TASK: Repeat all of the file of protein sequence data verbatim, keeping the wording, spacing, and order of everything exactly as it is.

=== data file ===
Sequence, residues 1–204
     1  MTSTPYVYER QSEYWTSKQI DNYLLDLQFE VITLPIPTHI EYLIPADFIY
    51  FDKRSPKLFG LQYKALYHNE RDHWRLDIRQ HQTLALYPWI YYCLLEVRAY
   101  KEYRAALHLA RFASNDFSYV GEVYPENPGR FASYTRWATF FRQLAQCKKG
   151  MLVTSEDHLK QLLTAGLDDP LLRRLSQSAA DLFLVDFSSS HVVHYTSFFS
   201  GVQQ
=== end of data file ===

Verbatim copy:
Sequence, residues 1–204
     1  MTSTPYVYER QSEYWTSKQI DNYLLDLQFE VITLPIPTHI EYLIPADFIY
    51  FDKRSPKLFG LQYKALYHNE RDHWRLDIRQ HQTLALYPWI YYCLLEVRAY
   101  KEYRAALHLA RFASNDFSYV GEVYPENPGR FASYTRWATF FRQLAQCKKG
   151  MLVTSEDHLK QLLTAGLDDP LLRRLSQSAA DLFLVDFSSS HVVHYTSFFS
   201  GVQQ